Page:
Computers and Security; Volume 62, pages 177-192, September 2016.
Major infrastructure-as-a-cloud (IaaS) providers have recently been building marketplaces of "cloud apps," which are VMs pre-installed with a variety of software stacks. Clients of cloud computing leverage such markets by downloading and instantiating the apps that best suit their computing needs, thereby saving the effort needed to configure and build VMs from scratch.
We posit that the notion of cloud apps as defined by these marketplaces is nascent and does not allow apps to leverage the benefits of virtual machine (VM) introspection technology developed over the past decade. We envision a marketplace of apps that can interact with client VMs in a rich set of ways to provide a number of services that are currently supported only by cloud providers. This allows clients to deploy services such as VM introspection-based security tools and network middleboxes on their work VMs without requiring the cloud provider to deploy these services on their behalf.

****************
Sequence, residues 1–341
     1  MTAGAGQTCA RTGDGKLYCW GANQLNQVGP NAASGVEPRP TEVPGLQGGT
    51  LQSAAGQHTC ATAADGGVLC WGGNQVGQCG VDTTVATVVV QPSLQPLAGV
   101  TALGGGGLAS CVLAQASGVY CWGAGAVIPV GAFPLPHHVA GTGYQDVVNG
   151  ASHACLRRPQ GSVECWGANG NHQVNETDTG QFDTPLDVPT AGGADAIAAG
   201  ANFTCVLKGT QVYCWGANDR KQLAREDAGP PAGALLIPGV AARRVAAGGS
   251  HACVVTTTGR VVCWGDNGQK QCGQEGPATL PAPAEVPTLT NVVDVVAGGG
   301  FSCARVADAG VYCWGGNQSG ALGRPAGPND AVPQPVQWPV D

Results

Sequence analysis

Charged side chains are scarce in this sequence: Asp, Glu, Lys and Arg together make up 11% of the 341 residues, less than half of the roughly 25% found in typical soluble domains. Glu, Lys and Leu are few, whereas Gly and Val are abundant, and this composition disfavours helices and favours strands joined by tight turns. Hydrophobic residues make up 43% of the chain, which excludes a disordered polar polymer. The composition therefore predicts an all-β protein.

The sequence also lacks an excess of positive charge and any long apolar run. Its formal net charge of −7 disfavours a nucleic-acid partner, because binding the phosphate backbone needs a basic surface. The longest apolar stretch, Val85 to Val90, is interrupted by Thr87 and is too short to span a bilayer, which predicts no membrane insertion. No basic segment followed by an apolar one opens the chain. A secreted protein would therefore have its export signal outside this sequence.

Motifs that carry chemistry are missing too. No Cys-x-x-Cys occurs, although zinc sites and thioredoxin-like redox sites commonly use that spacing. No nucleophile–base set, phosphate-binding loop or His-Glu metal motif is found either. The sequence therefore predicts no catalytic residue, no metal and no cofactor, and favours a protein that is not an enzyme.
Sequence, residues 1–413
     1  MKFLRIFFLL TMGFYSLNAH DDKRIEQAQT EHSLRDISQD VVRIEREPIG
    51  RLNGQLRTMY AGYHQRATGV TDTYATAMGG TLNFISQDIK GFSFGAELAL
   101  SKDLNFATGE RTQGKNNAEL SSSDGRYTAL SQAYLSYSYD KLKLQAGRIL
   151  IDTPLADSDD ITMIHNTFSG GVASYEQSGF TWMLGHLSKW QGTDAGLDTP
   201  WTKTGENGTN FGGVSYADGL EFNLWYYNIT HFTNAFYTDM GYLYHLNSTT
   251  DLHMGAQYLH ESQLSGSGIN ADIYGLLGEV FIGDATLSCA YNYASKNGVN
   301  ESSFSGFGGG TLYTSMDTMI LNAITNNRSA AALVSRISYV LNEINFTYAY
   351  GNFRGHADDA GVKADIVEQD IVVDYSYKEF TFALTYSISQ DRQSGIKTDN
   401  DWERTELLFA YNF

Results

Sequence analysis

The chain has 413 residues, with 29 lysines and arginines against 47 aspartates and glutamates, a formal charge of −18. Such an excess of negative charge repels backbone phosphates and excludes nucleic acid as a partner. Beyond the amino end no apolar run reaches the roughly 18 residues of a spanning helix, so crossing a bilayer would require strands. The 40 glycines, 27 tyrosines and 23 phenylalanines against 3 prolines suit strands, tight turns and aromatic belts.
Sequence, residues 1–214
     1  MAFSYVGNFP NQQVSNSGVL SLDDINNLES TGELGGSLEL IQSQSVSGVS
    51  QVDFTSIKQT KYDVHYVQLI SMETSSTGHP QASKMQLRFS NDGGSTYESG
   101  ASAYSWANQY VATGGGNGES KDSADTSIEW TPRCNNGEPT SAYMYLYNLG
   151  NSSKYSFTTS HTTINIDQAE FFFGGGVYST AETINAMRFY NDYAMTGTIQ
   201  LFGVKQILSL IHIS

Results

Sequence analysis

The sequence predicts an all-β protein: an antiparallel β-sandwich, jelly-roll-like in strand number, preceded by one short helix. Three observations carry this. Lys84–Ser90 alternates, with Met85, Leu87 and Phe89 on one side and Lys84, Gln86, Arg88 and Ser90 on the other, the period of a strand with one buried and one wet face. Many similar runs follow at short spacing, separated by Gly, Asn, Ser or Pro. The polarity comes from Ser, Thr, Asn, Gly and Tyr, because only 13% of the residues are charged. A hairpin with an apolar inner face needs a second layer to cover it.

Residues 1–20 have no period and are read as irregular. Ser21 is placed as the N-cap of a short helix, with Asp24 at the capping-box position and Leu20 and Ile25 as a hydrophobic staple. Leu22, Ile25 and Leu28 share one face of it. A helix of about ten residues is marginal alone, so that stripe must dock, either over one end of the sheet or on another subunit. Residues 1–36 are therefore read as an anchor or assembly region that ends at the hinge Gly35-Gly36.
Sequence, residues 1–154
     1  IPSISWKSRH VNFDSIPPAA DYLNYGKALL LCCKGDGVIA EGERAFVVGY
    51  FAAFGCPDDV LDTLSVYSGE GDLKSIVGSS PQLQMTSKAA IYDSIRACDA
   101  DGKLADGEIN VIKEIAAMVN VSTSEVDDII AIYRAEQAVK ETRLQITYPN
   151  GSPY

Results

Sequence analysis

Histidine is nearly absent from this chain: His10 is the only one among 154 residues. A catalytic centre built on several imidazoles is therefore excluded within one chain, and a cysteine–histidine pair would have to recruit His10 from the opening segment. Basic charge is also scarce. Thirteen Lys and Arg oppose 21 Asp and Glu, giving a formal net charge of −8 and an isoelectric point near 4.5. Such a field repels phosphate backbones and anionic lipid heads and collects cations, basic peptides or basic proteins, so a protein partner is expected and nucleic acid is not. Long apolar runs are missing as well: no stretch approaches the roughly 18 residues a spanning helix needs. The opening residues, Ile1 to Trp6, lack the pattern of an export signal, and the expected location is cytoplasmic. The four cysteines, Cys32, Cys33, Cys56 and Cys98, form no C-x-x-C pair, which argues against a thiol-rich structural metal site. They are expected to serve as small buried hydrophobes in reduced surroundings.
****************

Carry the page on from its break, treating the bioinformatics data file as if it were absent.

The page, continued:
This paper presents models to support such a marketplace of expressive cloud apps. We present a study of the design space of these models to understand their performance and deployment tradeoffs. We also consider the design of a permissions-based framework to contain untrusted third-party cloud apps. Finally, we demonstrate the utility of our models by building and evaluating a number of security tools built as cloud apps.
DOI: [ 10.1016/j.cose.2016.07.009 ]